by Mel Goldberg
Probably arriving with the first Spaniards. Jews have lived in Mexico since the fifteenth century. Their history in Mexico may be divided into three significant time periods: the fifteenth, eighteenth, and twentieth centuries.
THE FIFTEENTH CENTURY
The first Jews arrived about thirty years after the start of the Spanish Inquisition, during which thousands of New Christians, or Conversos (Jews who had converted to Catholicism), were burned at the stake as heretics. Also known as marranos, they often continued practicing Judaism in secret. All practicing Jews were banished from Spain in 1492, many emigrating to Portugal. Historians believe some converted Jews came with Hernán Cortes when he conquered the Aztecs in 1521. In 1531 a group of Spanish Jews and Conversos who had found refuge in Portugal emigrated to Mexico, then called Nueva España, under the rule of Royal Viceroy Antonio de Mendoza, where they believed they could retain their historical Spanish identity and continue practicing Judaism. Because Mendoza was a common name among Spanish Jews, some historians suggest the Viceroy had a Jewish or Converso background.
Until 1571, those who had immigrated to the New World were able to practice Judaism openly. But that year marked the beginning of the Mexican Inquisition, an extension of the one in Spain. Again both practicing Jews and Conversos lived in fear. However, the Mexican Inquisition was not as bitterly hostile as the Spanish Inquisition. Records indicate that fewer than one hundred were tortured and executed by burning.
In 1579, King Philip II of Spain established the Kingdom of Nuevo Leon (present day Nuevo León, Tamaulipas, and South Texas) a colony north of Nueva España to be governed by Luis de Carvajal, a Portuguese/Spanish nobleman. To help populate the colony, both Conversos and practicing Jews were welcomed. Within sixty years, according to historical evidence, the descendants of the original settlers moved to what is now New Mexico, Arizona, and California, then still part of Mexico, bringing Judaism with them vestiges of which survive to this day. Tragically, Carvajal died in a Spanish prison as a heretic in 1596. One recent manifestation is that of Father William Sanchez of Alberquerque. As a boy, he never understood why his Catholic family spun tops on Christmas, shunned pork, and spoke in hushed tones about ancestors who left medieval Spain. After watching a genealogical television program, Father Sanchez tracked his DNA and discovered that he and his family were part of New Mexico’s crypto-Jews, descendants who maintain some Jewish traditions of their ancestors while adhering to Catholicism.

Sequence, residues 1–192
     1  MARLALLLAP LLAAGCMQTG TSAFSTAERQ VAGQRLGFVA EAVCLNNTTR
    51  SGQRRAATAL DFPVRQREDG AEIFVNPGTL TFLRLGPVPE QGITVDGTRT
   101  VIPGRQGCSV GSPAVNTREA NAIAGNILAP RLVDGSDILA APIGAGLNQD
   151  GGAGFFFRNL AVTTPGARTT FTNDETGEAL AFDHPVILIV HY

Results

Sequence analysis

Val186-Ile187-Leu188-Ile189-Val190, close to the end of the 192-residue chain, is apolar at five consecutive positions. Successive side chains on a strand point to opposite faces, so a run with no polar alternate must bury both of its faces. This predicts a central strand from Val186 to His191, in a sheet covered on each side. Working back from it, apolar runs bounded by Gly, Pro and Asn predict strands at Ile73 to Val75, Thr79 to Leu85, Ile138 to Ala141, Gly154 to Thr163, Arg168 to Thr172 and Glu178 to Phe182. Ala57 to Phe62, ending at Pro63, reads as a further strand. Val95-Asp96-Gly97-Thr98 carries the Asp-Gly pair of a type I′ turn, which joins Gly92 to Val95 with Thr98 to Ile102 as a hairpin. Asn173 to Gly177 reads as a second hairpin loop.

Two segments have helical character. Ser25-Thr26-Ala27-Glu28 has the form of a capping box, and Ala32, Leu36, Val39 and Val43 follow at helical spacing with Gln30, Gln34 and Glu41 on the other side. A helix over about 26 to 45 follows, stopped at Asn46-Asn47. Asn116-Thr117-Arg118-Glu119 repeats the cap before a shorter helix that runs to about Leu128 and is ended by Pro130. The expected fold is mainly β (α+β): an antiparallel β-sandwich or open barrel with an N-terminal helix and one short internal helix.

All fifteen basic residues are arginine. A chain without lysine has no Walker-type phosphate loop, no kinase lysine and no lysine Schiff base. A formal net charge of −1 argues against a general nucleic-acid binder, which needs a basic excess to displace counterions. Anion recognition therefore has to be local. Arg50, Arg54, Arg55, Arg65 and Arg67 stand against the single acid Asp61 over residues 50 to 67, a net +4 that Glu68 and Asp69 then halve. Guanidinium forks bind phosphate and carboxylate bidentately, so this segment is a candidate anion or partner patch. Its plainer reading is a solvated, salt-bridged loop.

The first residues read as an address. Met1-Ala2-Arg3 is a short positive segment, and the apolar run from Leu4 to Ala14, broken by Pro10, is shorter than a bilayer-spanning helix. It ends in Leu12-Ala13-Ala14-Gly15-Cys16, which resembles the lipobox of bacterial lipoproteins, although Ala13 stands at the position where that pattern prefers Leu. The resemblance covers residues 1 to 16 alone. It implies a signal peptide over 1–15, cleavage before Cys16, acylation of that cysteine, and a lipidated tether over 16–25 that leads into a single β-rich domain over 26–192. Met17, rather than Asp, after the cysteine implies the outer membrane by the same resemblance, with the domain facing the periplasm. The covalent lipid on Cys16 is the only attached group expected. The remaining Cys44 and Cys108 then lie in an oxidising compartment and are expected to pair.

THE EIGHTEENTH CENTURY
Two genealogical studies, Archivo General de la Nacion de Mexico and the Ramo de la Inquisition, suggest that Father Miguel Hidalgo y Costilla, the father of Mexican Independence, had a Converso background and that Bartolome de las Casas, a Bishop who fought to free slaves in Nueva España, also had Jewish ancestors. Their families were sincere converts but it is ironic that the expulsion of Jews from Spain ultimately led to Spain’s loss of Mexico.
Many adventurous Jews immigrated to Mexico between 1700 and 1865 to escape the grinding poverty and anti-Jewish attitudes of life in the Old World. While they were not allowed to become citizens, a right granted only to Catholics, many who came during the one hundred sixty-five years became peddlers, similar to those who traveled to the West of the United States. On the backs of burros or mules, they carried housewares, clothing and novelties to remote villages of Mexico. In 1865 Emperor Maximilian I issued an edict of religious tolerance and invited a number of German Jews to settle in Mexico. Yet as of 1867 there were only about twenty Jewish families in Mexico City although there were probably more in the rest of the country.
Following Maximillian’s execution by firing squad in 1867, Benito Juarez, the liberal President of Mexico, enforced the separation of Church and State. Non-Catholics were allowed to establish themselves in Mexico and in 1882, after the assassination of the Russian Tsar, Alexander II, a significant numbers of practicing Jews from Russia entered the country.
THE TWENTIETH CENTURY
Large numbers of Jews arrived after World War I, fleeing pogroms in Russia and Eastern Europe. Some, descendants from medieval Jewish communities along the Rhine, were called the Ashkenazim, a term associated with northern Europe and Germany. They were fleeing pogroms in Russia and Eastern Europe.